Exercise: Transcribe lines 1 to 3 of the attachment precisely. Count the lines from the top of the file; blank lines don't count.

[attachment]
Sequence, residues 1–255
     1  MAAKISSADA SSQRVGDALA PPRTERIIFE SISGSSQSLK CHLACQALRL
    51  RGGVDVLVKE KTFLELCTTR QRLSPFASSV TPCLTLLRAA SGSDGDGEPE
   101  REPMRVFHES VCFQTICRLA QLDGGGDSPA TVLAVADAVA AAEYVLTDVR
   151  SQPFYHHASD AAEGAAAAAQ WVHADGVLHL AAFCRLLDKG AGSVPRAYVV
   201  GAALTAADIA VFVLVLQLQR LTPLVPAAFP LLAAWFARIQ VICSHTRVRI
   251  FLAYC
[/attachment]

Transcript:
Sequence, residues 1–255
     1  MAAKISSADA SSQRVGDALA PPRTERIIFE SISGSSQSLK CHLACQALRL
    51  RGGVDVLVKE KTFLELCTTR QRLSPFASSV TPCLTLLRAA SGSDGDGEPE